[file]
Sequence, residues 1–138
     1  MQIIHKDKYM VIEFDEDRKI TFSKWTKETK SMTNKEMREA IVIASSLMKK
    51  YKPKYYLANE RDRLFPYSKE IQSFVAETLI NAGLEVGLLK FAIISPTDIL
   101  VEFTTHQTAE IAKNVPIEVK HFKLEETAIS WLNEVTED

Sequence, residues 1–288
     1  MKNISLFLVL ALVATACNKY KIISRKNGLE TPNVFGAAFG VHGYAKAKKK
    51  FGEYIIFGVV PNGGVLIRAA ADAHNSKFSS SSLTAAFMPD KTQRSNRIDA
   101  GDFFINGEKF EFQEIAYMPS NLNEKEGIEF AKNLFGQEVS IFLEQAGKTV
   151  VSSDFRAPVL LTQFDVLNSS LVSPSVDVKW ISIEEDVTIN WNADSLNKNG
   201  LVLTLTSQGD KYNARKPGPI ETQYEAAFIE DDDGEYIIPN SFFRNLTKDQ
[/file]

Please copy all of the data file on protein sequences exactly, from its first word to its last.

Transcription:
Sequence, residues 1–138
     1  MQIIHKDKYM VIEFDEDRKI TFSKWTKETK SMTNKEMREA IVIASSLMKK
    51  YKPKYYLANE RDRLFPYSKE IQSFVAETLI NAGLEVGLLK FAIISPTDIL
   101  VEFTTHQTAE IAKNVPIEVK HFKLEETAIS WLNEVTED

Sequence, residues 1–288
     1  MKNISLFLVL ALVATACNKY KIISRKNGLE TPNVFGAAFG VHGYAKAKKK
    51  FGEYIIFGVV PNGGVLIRAA ADAHNSKFSS SSLTAAFMPD KTQRSNRIDA
   101  GDFFINGEKF EFQEIAYMPS NLNEKEGIEF AKNLFGQEVS IFLEQAGKTV
   151  VSSDFRAPVL LTQFDVLNSS LVSPSVDVKW ISIEEDVTIN WNADSLNKNG
   201  LVLTLTSQGD KYNARKPGPI ETQYEAAFIE DDDGEYIIPN SFFRNLTKDQ